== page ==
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CV tips for .NET Developers

April 28, 2019

I’ve seen quite a few CVs for .NET Developers over the years and unfortunately some people are let down by common mistakes. This is a list of tips and suggestions, in no particular order. These are my personal opinions, not the official view of any current or previous employers.

  • Keep it to two or three pages.
  • Emphasis your more recent roles as they’re the ones more likely to be relevant to the role you’re applying for.
  • You don’t need to be good at spelling to be a good developer but if you know you’re not, get someone else to check over your CV for you.
  • Don’t say you’re an “expert” in something unless you really mean it, e.g. you’re Jon Skeet or have written a book on the subject.
  • It’s ASP.NET not Asp.net or asp.net, or ASP.Net, or ASPNET, or asp.NET or even ASP .NET.
  • Don’t say you have good attention to detail if you have mistakes/typos in your CV (see also the above).
  • Everyone “Works well on their own or as part of a team” so don’t waste space saying this.
  • Avoid mentioning your quirks, save those for the interview.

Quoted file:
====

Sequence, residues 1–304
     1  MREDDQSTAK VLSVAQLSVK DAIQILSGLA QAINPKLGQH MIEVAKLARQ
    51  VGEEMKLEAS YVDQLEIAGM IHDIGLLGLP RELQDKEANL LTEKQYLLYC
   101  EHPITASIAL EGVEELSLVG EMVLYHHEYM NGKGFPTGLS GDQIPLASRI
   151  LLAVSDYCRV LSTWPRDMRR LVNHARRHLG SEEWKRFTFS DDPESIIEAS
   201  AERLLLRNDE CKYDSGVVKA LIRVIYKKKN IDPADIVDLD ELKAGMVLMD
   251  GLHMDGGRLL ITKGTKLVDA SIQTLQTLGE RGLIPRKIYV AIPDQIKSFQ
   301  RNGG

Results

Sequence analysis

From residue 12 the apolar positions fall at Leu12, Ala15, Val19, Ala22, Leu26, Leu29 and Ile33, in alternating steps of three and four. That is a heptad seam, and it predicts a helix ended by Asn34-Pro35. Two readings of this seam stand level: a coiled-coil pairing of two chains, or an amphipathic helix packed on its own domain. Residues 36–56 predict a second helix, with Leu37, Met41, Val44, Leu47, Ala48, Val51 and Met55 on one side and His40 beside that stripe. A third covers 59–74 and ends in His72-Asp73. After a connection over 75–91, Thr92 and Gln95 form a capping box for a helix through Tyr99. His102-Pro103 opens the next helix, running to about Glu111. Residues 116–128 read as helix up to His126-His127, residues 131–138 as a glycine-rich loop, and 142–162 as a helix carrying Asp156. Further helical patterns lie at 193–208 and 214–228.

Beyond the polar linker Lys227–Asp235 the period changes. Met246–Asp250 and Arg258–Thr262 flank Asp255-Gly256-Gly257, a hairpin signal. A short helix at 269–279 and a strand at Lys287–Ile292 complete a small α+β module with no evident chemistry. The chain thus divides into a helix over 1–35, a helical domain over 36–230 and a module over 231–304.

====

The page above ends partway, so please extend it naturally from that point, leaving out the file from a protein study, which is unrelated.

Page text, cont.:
• Mention sports/hobbies - you might find you have some in common with the interviewer and it’s a good ice breaker.
  • List the duration of each job/contract, not just the dates - it’s much easier for the interviewer to get a timeline in their head.
  • If you have a large gap in your CV then a good interviewer will ask about it, don’t be afraid to explain it up-front.
  • Leave off irrelavant work experience or at least reduce the amount of space it uses up. If you worked in a shop for a few years it’s fine to list it but don’t waste space explaining that you “worked in a customer-facing role in a busy retail environment”.
  • If you’re applying for an ASP.NET and C# job, don’t go into great detail about your previous PHP experience from 10 years ago. Leave off, or don’t emphasis technologies that are defunct or you don’t want to work with anymore.
  • Make sure your LinkedIn profile matches your CV, it will probably be looked at an inconsistencies could raise concerns, e.g. different job titles or durations.

Tom Robinson

I'm a software developer and this is my technology and coding blog.